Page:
Wednesday, July 31, 2013

Sunny Skies in Angoon

Beaver, Raven, Bear, King Salmon, Shark totem poles

I've been enjoying some of the finest weather Alaska has ever seen this last week. I'm in Angoon doing fieldwork for my brand new job. It's great to be able to go in the field and I feel very lucky that my superiors trusted me enough to throw me into a field project two weeks after starting. And what an awesome place this is to work.

Angoon is a great little town on Admiralty Island in Southeast Alaska. Most of its 500 residents are Tlingit. It's wonderful to be in a small, welcoming town where everybody waves and is interested in what we're doing.

I knew that Angoon's weather is generally dryer than the rest of Southeast Alaska, but I did not expect it to be sunny and in the 70's every day. For our day off, we even went swimming, true Alaskan-style.

Wednesday, July 24, 2013

Moved in and heading out

Ryan and I are rarely in one place for long in the summer and as usual, as soon as we got settled in to our new place, we are both off to the field - Ryan to Kotzebue and me to Angoon. 

At least we had time to unpack most of our stuff. I found everything I need for the field except my Helly Hansen raincoat...and I'm going to Southeast Alaska. I'm borrowing one from a friend, but hopefully mine shows up eventually; those things are expensive!

The moon from our condo at 4:45 this morning, just before sunrise

Moved in and furniture arranged!

Saturday, July 20, 2013

Moved in

Today was the big day for moving furniture. With a lot if help from Ryan's parents and our friend, Travis, we got all the furniture moved in and unpacked most of the boxes. It feels good. It's sort of a relief to find things I've been missing that were packed four months ago. It's also a little overwhelming because, well, we have a lot of stuff. But with some creativity, I think we'll be able to make it all fit. It's the kitchen that is really the problem; our last kitchen was huge. This one? Not so much.

After all the moving, we took a walk down to the river in front of our condo with Mollie, Mark, and the kids. We have fantastic river access here and a great little gravel/sand bar perfect for getting dirty and throwing rocks in the river - complete with bear tracks. 

Ryan and Steve moving the roll top desk

Dining and living all set up!

Oliver heading down to the river

Throwing rocks in Eagle River

Thursday, July 18, 2013

New Condo

We have finally closed on our condo in Eagle River! Even though I didn't have a chance to look at it in person until just a couple if days before we moved in, I was sure this was going to be an awesome place for us to live. 

The view is one of my favorite things about this place. It faces a green belt to boot. The oversize two car garage also sold us on this condo. You'd be surprised how many houses in Alaska only have a one car garage, or no garage at all. And, besides the fact that this condo is only a few years old, our other favorite feature is the open kitchen/dining/living room with great light.  That'll be important come December!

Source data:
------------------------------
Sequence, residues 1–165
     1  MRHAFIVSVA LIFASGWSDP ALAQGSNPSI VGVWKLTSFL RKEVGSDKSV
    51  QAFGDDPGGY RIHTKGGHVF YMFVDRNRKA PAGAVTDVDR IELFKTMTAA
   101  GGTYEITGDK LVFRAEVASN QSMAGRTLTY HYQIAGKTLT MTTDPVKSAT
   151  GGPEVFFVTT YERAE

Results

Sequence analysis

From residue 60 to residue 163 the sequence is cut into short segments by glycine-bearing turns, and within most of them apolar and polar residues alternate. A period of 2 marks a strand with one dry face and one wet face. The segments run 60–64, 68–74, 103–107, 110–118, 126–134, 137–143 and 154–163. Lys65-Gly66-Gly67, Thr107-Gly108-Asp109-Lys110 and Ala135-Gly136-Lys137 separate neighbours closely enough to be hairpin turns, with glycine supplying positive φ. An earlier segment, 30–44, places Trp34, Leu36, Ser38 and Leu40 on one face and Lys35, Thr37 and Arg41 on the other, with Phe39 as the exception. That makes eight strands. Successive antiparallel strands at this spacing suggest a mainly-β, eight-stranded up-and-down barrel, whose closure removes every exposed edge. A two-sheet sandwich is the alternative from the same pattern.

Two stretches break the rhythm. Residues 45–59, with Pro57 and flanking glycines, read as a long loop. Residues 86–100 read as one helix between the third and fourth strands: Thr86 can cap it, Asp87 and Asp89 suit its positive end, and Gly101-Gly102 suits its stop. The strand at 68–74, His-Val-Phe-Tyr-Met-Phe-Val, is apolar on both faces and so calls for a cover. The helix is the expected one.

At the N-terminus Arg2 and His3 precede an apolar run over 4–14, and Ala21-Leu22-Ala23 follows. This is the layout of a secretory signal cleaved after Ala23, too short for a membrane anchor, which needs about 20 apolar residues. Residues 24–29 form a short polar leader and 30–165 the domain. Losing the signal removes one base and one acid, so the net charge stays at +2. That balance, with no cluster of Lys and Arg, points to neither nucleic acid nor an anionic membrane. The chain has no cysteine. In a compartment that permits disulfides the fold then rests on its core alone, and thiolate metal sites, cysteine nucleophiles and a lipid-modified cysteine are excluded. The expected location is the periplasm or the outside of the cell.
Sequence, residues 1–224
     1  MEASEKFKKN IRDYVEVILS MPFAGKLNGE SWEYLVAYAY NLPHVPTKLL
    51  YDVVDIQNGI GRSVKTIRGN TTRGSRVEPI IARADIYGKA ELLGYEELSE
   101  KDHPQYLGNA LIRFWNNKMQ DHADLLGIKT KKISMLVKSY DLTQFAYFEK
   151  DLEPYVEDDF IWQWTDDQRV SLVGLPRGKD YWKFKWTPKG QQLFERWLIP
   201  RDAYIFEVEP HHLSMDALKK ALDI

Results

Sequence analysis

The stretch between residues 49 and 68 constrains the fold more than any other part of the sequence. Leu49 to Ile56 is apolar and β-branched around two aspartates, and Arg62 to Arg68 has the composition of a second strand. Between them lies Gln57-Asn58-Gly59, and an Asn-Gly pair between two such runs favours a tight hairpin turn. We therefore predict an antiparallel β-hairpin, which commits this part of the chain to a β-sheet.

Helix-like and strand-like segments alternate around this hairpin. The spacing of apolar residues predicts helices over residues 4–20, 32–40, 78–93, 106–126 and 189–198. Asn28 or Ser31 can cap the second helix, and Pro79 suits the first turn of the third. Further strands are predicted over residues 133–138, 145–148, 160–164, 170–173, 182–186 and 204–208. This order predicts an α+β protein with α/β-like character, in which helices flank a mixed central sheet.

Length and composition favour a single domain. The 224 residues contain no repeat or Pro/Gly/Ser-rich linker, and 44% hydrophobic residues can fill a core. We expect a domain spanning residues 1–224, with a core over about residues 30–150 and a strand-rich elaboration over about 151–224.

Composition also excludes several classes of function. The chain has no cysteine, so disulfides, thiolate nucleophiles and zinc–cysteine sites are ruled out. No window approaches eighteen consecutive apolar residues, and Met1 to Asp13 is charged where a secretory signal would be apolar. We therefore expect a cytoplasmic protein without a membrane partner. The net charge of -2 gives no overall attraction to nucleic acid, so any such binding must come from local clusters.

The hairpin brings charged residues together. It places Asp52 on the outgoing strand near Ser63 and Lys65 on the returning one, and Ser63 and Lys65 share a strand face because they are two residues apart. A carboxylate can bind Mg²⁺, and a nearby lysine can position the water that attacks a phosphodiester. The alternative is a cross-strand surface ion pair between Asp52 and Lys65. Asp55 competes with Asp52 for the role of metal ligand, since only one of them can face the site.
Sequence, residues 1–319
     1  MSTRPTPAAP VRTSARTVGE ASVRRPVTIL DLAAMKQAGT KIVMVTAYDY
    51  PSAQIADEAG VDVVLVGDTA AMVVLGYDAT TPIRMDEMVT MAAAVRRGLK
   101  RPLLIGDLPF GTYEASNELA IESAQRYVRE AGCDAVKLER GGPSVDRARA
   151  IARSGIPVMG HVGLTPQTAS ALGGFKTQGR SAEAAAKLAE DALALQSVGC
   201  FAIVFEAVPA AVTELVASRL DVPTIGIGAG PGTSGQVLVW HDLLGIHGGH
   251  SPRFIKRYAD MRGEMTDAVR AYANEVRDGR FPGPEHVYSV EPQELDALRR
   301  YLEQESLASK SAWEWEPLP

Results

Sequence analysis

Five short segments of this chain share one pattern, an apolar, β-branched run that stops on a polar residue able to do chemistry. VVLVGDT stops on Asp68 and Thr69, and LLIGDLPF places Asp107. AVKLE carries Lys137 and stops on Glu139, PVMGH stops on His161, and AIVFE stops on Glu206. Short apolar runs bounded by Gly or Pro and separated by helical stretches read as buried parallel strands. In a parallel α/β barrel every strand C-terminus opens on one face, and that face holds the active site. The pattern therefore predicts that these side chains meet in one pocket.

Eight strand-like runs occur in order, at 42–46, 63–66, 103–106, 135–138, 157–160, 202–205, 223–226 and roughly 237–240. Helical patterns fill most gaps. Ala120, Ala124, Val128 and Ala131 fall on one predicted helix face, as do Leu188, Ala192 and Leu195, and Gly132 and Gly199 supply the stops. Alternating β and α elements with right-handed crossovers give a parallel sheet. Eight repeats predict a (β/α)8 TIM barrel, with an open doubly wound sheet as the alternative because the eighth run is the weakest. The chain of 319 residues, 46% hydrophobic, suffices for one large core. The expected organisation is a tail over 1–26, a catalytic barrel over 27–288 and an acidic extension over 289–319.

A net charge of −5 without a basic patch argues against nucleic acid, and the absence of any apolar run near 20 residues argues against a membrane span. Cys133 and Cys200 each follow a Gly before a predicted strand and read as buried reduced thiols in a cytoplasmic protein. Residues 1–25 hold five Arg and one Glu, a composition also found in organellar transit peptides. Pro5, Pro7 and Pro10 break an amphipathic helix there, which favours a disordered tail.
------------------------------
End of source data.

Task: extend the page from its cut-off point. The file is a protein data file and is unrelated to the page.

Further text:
Our condo is the unit on the right

The view from our balcony

Monday, July 15, 2013

Bikes, Bug, and Bats: A Summer Weekend at the Cabin

After our final walk though this weekend of our soon-to-be new condo, we drove to Talkeetna and headed out on mountain bikes to the family cabin.  Having panniers on our mountain bikes made the ride along the rutted four-wheeler trail through the woods manageable. The last part of the trail was completely overgrown as no one had been out there yet this summer, but with a little bush riding and walking we made it.

The mosquitoes in the woods were bad and we both got bit a lot, especially since I was wearing shorts and sandals.  Molly put on a head net but found was still hard to concentrate on biking because there were mosquitoes in her head net!  I blame at least one of my wipe outs on a mosquito biting my leg.

Luckily when we got to the cabin there was a strong breeze coming off the lake providing a great reprieve from the bugs.  The temperatures were in the upper 70s and the lake was so warm I went swimming four times.  I don't think I have ever spent so much time in the lake.

We have unfortunately been having a bat problem at the cabin.  Little brown bats have apparently been making themselves at home in the poles that form the roof on the cabin.  This time they have really made a mess and it time to take some drastic action.  We are currently debating the course forward but we may very well tear apart the roof from the top town to clean out these little critters and the mess they have made and then seal up poles so there is nowhere left to roost.  Either way we will need supplies and its always best to haul in building materials in the winter.  Whatever it takes, we will drive out the bats for good.